Encouraging reactions…

Discussion in 'Bare It!' started by Barefoot Traveller, May 26, 2006.

  1. I’m living barefoot for more than six years, and it’s not surprising that I’ve faced all kind of reactions. After all: I’m hardly ever wearing shoes, going barefoot EVERYWHERE! That makes me different, I’m attracting attention… But it might be encouraging for you to know that most comments I get are positive! Especially here in India – back in Germany I had to get used to youngsters, mostly school kids, making some fun of me… Here, it’s different! A few days back for example, I went to a small shop, getting myself a new watch. One elderly gentlemen was the only other customer. Spotting my bare feet he asked me if it isn’t to hot (the usual question, especially in the summer!). I explained that I’m used to it, and the shopkeeper added that he has seen me walking around barefoot for the last few years. Now: Guess what was the reaction of the curious enquirer? A BIG smile and affectionate handshake! That’s only one example, it happens every day… Going barefoot seems to be a way to make new friends – at least in South India! You might ask: How about tourists? Well, let me tell you: I’m traveling A LOT, and I don’t know HOW MANY fellow backpacker I’ve met on the dusty roads of India. Again: Hardly any negative reaction, and not a single case of aggressive barefoot-phobia! I think those guys you meet on the “Lonely Planet Thorn Tree” etc. aren’t really representative… Fortunately! I always remember that Israeli girl in Uttaranchal: I was on the way to Gangotri (the source of the river Ganges)… It’s an 18 km – trail with loads of rocks and even some patches of snow. It was October, and as you might expect – in an altitude of 2000 to 3000 m – nights can get quite chilly up there. I was spending the compulsory night in one of those huge make-shift tents set up for tourists and pilgrims, together with a bunch of backpackers from Israel. That was when one of them, a girl in her early 20ies, joined me for lunch and admired my ability to do the whole trek barefoot! She said she would LOVE to do that herself – and I encouraged her to try, of course in a less challenging environment. The next morning I met a European couple. It was still chilly, and many of the small rivulets crossing the path where frozen. Obviously: A guy covering the remaining 5 km of the trail on his bare feet is an unusual sight. Their comment? “Barefoot – that’s good!” Before you reach the source of “Mother Ganga” (a mighty glacier) you’ve to pass a vast field of rocks. During the ascend I asked a backpacker for directions. He told me that the source is actually less than a kilometer ahead – and that I’ll reach within 20 Minutes, adding “if your bare feet are strong enough”! His friendly smile told me: No disapproval!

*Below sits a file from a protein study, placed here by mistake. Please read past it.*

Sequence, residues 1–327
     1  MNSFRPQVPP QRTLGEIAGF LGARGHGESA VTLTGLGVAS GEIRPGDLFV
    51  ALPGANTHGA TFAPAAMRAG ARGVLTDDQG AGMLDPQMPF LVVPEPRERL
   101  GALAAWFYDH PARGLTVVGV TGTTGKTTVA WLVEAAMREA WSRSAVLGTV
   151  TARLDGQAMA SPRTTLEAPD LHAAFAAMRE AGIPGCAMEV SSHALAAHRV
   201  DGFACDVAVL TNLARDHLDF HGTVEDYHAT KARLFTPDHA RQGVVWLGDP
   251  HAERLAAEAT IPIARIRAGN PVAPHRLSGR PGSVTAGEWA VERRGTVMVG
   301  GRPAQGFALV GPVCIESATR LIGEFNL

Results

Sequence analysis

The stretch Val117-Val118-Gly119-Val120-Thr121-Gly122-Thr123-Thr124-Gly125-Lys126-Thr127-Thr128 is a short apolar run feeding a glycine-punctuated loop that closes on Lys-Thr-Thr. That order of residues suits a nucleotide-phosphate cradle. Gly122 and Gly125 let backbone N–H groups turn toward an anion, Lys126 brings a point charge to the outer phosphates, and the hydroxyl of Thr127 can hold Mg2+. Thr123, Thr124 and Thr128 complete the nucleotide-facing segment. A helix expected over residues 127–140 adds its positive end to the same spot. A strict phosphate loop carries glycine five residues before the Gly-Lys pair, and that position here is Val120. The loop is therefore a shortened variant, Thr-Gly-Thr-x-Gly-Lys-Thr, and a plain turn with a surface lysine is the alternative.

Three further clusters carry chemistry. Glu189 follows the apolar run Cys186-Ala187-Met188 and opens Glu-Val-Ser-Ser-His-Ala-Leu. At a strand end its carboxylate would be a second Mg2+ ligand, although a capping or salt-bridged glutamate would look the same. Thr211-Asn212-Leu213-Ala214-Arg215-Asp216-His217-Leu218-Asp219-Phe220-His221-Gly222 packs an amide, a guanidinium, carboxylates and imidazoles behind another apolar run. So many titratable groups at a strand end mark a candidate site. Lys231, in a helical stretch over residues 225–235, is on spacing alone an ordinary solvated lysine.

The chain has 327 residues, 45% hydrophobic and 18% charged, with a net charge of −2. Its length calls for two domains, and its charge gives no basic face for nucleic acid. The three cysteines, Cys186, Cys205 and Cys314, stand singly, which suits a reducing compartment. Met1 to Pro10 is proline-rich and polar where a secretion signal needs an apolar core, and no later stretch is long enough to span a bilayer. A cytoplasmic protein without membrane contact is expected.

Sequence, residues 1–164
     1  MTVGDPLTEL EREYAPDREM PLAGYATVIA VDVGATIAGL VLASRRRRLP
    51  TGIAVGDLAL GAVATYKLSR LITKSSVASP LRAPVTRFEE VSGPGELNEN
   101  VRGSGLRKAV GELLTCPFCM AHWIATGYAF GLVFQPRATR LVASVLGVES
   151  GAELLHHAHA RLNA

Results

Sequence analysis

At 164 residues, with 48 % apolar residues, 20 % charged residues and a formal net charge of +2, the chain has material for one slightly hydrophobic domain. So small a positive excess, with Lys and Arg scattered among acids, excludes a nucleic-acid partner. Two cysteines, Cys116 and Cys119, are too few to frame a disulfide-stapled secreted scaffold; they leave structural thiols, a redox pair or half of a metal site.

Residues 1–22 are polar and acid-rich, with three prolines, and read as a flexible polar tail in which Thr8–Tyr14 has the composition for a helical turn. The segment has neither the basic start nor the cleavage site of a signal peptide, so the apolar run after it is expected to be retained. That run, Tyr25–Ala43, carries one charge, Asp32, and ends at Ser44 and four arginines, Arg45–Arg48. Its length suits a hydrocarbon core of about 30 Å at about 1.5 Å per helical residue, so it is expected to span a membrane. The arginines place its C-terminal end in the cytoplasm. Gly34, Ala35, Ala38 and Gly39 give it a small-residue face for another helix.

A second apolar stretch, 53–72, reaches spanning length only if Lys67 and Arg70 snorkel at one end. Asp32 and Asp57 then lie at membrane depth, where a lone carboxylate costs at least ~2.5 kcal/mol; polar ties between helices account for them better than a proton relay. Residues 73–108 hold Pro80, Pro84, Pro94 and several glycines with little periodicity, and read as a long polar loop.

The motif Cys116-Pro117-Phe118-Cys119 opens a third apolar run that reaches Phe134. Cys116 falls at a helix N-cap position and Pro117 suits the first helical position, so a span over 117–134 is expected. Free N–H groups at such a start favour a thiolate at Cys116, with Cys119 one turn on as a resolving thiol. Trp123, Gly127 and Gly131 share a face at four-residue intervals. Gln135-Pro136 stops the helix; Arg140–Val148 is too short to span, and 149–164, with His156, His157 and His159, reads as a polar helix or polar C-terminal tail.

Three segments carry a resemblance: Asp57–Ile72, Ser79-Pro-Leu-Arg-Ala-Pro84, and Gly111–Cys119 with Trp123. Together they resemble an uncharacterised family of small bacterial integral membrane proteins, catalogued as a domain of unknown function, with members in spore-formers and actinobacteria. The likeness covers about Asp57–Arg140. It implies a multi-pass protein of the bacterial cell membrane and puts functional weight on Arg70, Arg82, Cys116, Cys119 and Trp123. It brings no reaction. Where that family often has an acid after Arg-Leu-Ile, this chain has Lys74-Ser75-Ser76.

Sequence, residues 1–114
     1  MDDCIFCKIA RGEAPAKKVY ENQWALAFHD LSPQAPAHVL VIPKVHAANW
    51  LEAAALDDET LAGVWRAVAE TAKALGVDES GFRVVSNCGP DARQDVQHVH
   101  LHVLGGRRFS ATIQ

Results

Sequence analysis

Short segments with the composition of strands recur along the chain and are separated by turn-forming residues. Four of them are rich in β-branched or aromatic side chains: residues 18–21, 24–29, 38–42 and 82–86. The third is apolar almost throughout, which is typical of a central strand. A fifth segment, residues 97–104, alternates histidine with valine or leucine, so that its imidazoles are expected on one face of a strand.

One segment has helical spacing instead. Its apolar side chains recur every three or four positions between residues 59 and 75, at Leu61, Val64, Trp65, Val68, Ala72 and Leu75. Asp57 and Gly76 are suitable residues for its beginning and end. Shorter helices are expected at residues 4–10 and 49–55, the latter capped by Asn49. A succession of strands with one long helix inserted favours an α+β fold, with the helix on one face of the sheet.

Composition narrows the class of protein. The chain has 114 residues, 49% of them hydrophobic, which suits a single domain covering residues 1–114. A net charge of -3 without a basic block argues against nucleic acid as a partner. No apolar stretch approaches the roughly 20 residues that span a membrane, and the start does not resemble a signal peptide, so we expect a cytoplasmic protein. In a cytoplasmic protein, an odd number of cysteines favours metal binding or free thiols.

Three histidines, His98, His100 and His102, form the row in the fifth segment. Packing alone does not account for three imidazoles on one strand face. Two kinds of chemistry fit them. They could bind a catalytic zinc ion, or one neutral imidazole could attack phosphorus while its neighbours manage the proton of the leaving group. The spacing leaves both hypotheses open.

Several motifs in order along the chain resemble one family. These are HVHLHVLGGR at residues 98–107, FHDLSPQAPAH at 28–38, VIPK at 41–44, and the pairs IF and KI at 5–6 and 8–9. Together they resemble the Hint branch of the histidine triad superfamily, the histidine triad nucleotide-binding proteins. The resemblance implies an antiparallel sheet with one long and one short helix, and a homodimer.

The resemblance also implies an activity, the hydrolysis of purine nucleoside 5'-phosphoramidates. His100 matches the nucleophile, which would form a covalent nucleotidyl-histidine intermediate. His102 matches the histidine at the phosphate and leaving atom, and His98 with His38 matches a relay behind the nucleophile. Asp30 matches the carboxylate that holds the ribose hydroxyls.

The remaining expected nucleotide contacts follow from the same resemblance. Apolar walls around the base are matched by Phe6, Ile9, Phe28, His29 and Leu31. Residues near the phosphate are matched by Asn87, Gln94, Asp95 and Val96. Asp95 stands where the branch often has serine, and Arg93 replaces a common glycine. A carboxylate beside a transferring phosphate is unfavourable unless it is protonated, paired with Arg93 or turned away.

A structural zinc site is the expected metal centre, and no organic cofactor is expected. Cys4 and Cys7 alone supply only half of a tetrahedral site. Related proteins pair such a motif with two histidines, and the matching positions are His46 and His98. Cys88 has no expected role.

I hope my own experiences are encouraging for you – especially if you’re new to the barefoot lifestyle! Now it’s YOUR turn: Why don’t you share your own stories with us? Tell us about those “encouraging encounters” you had while going barefoot! My Yahoo-Group “The Barefoot Travelers Tepee” is the right place:



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